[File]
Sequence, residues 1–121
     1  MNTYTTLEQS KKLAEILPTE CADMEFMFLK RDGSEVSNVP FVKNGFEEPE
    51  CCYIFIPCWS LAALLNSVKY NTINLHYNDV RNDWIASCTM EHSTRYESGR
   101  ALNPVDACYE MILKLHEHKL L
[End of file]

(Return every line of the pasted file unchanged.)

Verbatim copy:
Sequence, residues 1–121
     1  MNTYTTLEQS KKLAEILPTE CADMEFMFLK RDGSEVSNVP FVKNGFEEPE
    51  CCYIFIPCWS LAALLNSVKY NTINLHYNDV RNDWIASCTM EHSTRYESGR
   101  ALNPVDACYE MILKLHEHKL L